Beer bottles and term papers, Canadian style

I’m still thinking about the differences between Canada and the States. (The fact that I say “the States,” by the way, is an indicator that I’m back in Canada, where we rarely use the preferred U.S. term, “America.”) Just now I’m considering recycling. Am I wrong to be suspicious of the fact that in California people are not asked to divide their recycling, pitching it all instead into a single bin? Who divides it up? Does anyone? Is any of it actually recycled? My guess is it’s all making its way into the same landfill as the garbage by a different route.

One reason I think this is because of a conversation I had with the fellow who runs our local (California) recycling depot. I asked him if he took wine bottles and he said: “we won’t pay you for them, since there’s no deposit on them, but we will take them.” I couldn’t get any other information out of him and was left to wonder why anyone would bring wine bottles to the depot (for no money) when they could pitch them into their own bins (for no money). The only reason I could think of is because the contents of the bin end up in landfill.

No one else I know in California makes use of the depots. When I have parties and people help me clean up, they throw the beer bottles into my recycling. This is foreign to my Canadian soul. No one in Canada, not even the richest of the rich, puts beer bottles into the common recycling.

Walking in Toronto yesterday I saw two things you don’t see in California, black squirrels and pre-divided recycling bins: glass and aluminum here, plastic here, paper here, trash here. It made me pretty smug, until I was reminded that there are unfortunate things about Canada too. Emma informed us over dinner that there is likely to be a three week garbage strike in the city of Toronto this summer, and that a cross-Ontario liquor store strike will probably begin on Wednesday. Canada is great in so many ways, but Canada is a union shop.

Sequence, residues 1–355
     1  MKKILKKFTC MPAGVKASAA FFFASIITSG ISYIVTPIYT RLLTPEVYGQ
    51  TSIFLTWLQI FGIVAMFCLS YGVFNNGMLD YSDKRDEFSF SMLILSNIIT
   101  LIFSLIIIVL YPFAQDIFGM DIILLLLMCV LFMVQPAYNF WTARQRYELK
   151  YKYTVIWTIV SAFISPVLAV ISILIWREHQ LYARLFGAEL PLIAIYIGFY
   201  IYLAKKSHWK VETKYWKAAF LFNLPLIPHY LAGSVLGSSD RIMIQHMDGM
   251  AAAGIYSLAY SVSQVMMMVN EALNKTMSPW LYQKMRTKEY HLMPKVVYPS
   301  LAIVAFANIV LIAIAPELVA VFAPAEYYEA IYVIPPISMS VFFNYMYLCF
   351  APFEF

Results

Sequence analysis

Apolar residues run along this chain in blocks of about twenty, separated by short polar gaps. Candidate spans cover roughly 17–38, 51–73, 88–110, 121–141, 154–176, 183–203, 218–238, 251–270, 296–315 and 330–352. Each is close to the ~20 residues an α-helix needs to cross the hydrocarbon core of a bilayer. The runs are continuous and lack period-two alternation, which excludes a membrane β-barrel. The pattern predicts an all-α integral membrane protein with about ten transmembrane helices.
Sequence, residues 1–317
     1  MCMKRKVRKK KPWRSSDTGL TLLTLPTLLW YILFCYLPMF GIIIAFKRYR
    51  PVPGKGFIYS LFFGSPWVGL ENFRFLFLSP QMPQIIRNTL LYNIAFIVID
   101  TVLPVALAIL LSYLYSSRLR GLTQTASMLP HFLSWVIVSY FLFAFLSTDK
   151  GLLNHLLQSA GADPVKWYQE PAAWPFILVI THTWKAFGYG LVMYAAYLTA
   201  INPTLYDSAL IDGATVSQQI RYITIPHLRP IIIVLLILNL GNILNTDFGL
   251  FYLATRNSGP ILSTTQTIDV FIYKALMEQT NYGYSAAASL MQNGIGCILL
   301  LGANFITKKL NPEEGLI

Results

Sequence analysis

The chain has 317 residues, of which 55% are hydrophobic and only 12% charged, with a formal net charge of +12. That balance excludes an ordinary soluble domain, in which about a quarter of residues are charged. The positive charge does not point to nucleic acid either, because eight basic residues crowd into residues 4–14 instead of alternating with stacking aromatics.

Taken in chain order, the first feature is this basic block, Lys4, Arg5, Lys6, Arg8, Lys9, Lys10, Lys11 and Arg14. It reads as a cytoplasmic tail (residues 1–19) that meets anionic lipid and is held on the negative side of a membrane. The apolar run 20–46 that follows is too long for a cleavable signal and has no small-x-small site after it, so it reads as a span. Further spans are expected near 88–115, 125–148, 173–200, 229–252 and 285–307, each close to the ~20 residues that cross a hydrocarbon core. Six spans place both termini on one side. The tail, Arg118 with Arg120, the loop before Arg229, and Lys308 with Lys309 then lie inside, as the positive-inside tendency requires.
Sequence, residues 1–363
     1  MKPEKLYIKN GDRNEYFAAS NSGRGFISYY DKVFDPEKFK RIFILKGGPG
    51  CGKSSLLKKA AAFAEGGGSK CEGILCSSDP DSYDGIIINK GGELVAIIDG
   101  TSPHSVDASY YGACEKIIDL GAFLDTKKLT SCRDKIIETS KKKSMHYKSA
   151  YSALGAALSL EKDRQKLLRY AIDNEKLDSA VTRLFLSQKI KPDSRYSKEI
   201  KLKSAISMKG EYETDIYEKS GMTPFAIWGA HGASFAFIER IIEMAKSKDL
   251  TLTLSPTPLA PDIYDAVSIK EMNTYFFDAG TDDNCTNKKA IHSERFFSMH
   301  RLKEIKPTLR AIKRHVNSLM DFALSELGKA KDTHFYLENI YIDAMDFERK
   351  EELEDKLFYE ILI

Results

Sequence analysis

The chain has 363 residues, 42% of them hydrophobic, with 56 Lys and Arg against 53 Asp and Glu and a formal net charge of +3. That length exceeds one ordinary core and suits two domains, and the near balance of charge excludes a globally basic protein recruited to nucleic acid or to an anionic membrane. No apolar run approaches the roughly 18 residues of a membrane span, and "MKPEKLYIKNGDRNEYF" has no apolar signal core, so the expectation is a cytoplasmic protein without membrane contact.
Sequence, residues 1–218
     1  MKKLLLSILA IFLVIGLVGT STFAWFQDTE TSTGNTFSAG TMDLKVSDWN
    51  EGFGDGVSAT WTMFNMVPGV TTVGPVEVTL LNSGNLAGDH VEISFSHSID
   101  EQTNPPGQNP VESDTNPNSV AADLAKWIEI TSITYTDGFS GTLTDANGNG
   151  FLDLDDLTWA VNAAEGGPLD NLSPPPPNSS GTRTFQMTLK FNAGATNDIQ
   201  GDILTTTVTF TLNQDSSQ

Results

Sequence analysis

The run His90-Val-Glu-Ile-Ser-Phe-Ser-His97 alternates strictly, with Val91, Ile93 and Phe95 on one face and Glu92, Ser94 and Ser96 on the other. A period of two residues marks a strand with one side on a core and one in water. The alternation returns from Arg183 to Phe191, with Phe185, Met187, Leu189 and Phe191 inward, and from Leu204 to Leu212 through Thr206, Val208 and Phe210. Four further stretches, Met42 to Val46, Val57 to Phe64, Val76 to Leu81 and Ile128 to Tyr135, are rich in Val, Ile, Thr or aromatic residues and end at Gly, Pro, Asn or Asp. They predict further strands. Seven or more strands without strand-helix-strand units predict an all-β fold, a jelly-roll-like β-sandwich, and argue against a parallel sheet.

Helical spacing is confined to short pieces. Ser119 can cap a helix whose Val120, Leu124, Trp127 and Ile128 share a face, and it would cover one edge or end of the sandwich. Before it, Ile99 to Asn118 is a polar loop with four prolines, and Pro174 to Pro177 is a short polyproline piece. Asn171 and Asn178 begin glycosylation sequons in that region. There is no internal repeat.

Being a union shop has its up-sides of course.

 But here is a downside. Remember how your grade three teacher used to say “pass your papers back” and then make you mark one another’s tests? And remember my own post on the virtues of peer-reviewing? Turns out this kind of thing is illegal in Canada, because it deprives union employees of work.


5 thoughts on “Beer bottles and term papers, Canadian style

  1. …are the virtues of peer reviewing still virtues in grade three, in your opinion? (btw no-one says grade one/two/three etc in the States, they say First/Second/Third grade, right?)

  2. The recycling is sorted by a combination of machinery and humans. Magnets separate the steel. They rest gets sorted by density. I saw a pix of a conveyor belt w/ a human sorting the stuff that couldn’t be sorted by density. It looked v high tech. I am sure you can find some pix and articles using search engines.

    The operator of the facility claims that a mixed bin with automatic sorting gives a higher purity recycling stream than letting users sort their own. Plus, one bin recycling is proven to produce higher recycling compliance rates. Simplicity wins again. Who, in a small apt, has room for all those bins?

  3. Oonae, We have black Squirrels here in Princeton New Jersey. They are just a race of the gray squirrel, but are much more attractive.

    Like you, I don’t have much faith in recycling but perhaps for different reasons. The cost to make a glass bottle from scratch was, at least until recently, less than by recycling an old one. Our poor get jobs sorting the green from the white from the brown. and we all pay for the whole silly farce.

    I like you blog very much and intend to stop by from time to time.

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